deaths, the importance of the particular care of these mothers comes into sight. Planning for teaching the im

of caring the primigravid mothers and making their families more sensitive about the significance of

portance

caring these mothers can be effective in reducing premature infant mortality.


Abed Noori, Maral Ghorban Pour, Mahin Adib, Allah Verdi Noori, Sedighe Niazi,
Volume 2, Issue 1 (5-2014)
Abstract

Background & Objective: Head lice infestation is a common disease in all ages with a worldwide distribution with considerable frequency in community centers such as schools. This study was aimed to determine the prevalence of head lice infestation and it›s affecting factors in the rural school students of Kalaleh, in the academic year 92-93. Method: This study was a cross sectional, descriptive-analytic approach. The studied population consisted of 2500 students in rural schools of Kalaleh, studying in the academic year 1392-93. Data were collected via direct observation of experts and the checklist of Pediculosis. Data were then entered into and analyzed using SPSS version 17. Results: 157 of students (6.28%) had head lice with the highest frequency among the girls with 147 people. There was a statistically significant relationship between the place of residence, occupation, education level of parents, family size, education level, existence of a shower in homes, frequency of showering and brushing, a history of head lice infestation, the presence or absence of school health teachers and hair size (P<0.05). Conclusion: Pediculosis is still a public health problem in communities with poor life and health facilities. High prevalence of this issue among school students may be linked to factors such as lack of health educators in school and lack of adequate attention to personal hygiene.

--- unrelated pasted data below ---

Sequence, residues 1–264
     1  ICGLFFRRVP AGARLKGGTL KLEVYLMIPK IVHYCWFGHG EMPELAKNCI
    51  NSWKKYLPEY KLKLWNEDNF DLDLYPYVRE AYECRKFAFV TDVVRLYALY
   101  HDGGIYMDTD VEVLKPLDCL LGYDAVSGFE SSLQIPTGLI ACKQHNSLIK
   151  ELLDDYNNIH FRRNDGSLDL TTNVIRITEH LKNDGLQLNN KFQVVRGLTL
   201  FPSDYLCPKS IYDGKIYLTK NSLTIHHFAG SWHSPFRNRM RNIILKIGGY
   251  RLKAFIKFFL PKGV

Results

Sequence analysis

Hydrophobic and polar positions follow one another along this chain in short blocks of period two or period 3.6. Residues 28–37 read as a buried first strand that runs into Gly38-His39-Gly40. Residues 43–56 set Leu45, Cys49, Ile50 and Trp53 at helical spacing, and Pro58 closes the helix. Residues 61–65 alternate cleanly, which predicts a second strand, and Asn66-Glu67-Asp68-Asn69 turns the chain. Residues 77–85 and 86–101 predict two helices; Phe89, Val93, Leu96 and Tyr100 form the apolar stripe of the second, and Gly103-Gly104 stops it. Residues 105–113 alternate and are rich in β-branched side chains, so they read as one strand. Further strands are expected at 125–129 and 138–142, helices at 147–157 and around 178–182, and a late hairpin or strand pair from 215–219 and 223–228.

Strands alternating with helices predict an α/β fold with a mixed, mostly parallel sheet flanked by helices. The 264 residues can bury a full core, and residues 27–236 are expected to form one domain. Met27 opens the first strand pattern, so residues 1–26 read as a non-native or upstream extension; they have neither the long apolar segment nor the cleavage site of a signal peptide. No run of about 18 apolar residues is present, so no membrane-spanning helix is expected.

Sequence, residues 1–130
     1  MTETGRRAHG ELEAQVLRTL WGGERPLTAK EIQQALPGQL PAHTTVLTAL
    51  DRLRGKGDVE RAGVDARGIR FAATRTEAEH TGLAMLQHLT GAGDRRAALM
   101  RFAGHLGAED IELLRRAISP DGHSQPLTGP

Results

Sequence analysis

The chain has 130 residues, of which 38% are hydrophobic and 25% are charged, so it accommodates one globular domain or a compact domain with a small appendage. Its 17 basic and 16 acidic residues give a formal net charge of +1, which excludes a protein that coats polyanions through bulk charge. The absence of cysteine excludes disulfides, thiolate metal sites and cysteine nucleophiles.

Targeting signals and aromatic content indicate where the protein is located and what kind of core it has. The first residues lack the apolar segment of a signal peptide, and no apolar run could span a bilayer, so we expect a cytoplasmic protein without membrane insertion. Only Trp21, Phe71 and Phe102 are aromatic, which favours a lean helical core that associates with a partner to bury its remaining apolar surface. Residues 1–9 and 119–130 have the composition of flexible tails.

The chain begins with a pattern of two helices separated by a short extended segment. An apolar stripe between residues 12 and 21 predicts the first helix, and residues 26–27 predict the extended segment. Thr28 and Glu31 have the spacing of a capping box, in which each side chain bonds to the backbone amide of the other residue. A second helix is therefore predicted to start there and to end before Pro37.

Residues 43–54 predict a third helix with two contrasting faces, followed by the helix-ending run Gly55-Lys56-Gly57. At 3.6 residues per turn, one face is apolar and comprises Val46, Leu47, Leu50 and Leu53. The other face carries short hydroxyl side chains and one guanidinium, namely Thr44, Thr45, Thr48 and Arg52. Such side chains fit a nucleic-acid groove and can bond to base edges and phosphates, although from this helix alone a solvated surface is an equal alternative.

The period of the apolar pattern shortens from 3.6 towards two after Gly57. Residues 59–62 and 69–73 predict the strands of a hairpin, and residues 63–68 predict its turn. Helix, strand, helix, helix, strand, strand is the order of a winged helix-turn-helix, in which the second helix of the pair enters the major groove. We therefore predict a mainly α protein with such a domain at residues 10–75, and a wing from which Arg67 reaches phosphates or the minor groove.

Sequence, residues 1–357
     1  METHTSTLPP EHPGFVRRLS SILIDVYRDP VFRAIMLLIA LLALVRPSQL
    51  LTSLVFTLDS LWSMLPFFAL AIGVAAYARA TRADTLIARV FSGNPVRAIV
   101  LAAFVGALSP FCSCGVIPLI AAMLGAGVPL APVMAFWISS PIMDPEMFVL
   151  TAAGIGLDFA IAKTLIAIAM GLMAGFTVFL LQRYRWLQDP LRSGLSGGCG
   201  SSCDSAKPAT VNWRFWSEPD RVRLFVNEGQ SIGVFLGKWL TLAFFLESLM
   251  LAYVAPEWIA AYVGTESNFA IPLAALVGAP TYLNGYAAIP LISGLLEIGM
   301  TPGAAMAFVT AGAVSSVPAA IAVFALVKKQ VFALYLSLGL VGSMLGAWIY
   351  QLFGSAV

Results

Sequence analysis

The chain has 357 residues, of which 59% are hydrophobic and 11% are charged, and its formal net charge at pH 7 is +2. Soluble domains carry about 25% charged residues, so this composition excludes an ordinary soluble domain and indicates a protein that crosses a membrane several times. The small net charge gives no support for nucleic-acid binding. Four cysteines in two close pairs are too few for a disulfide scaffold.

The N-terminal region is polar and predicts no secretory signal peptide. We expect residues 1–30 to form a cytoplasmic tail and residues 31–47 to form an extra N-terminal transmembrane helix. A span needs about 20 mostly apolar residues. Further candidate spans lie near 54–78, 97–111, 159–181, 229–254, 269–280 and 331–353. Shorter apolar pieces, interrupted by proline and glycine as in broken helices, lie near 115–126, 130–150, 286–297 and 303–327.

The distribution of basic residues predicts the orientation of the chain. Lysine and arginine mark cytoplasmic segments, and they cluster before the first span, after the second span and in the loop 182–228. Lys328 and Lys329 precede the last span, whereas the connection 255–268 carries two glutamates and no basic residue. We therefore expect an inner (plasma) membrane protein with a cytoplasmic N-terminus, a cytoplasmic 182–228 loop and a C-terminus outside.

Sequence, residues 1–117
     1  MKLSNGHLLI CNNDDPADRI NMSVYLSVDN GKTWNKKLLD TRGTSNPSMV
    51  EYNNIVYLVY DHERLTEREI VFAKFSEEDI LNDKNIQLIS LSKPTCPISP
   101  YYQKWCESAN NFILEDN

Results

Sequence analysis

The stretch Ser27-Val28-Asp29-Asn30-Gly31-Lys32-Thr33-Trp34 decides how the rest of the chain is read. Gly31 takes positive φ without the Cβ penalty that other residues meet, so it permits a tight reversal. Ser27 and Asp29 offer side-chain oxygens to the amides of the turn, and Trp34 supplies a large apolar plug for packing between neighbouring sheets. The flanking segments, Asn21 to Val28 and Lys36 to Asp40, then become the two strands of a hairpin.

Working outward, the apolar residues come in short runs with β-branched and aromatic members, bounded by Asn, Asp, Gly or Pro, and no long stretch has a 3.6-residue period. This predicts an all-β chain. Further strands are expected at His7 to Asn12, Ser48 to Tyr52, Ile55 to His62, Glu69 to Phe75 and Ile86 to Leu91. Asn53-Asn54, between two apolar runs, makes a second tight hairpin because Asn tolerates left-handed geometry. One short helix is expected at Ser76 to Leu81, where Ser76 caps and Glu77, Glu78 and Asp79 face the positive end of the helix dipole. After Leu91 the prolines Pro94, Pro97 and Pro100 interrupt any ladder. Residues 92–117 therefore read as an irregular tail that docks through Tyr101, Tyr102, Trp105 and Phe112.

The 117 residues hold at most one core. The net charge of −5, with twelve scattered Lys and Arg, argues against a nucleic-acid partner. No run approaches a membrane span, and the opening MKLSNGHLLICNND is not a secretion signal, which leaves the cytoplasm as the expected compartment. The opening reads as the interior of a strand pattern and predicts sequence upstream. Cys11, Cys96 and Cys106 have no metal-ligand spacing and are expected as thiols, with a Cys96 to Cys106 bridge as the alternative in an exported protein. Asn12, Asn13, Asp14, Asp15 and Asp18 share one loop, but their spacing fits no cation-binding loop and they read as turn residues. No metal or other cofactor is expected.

Yahya Pasdar, Mitra Darbandi, Parisa Niazi, Shokoufeh Alghasi, Farah Roshanpour,
Volume 3, Issue 1 (5-2015)
Abstract

Background & Objective: Obesity is a public health problem in modern societies which is more prevalent among women compared to men. This study was conducted to aim the prevalence of obesity and the related factors in women of Kermanshah.

Materials and Methods: In the present cross-sectional study, 687 women aging 25-65 years were enrolled using multi staged cluster sampling method from 6 regions of Kermanshah city. Data collection tools were a demographic questionnaire, Food Frequency (FFQ) and physical activity questionnaires. General Obesity was defined as BMI≥30 kg/m2 and abdominal obesity was defined as waste hip ratio (WHR) over 0.85cm. All data were analyzed using correlation coefficient, Logistic regression-test and x2 by SPSS software.

Results: Overweight and obesity was observed in 39.4% and 21.9 % of women respectively. 57.5% of studied subjects suffered from abdominal obesity. The odds ratios for obesity among illiterate (OR=1.882, P=0.05), low socioeconomic status (OR=1.867, P=0.002), and having more than four pregnancies (OR=1.875, P=0.01) were higher than other women. Odds ratio of fatty liver (OR: 3.818) and diabetes (OR: 3.077) was higher among obese subjects than normal individuals. (P=0.02).There was a positive correlation between obesity and marital status, number of pregnancies, family population size and unhealthy dietary habits (P<0.001). Moreover, there was a negative relationship between obesity and education level, employment and high socioeconomic status (P<0.001).

Conclusions: Regarding the side effects of obesity and overweight, lifestyle modification and increasing nutritional knowledge among women using appropriate methods is highly recommended.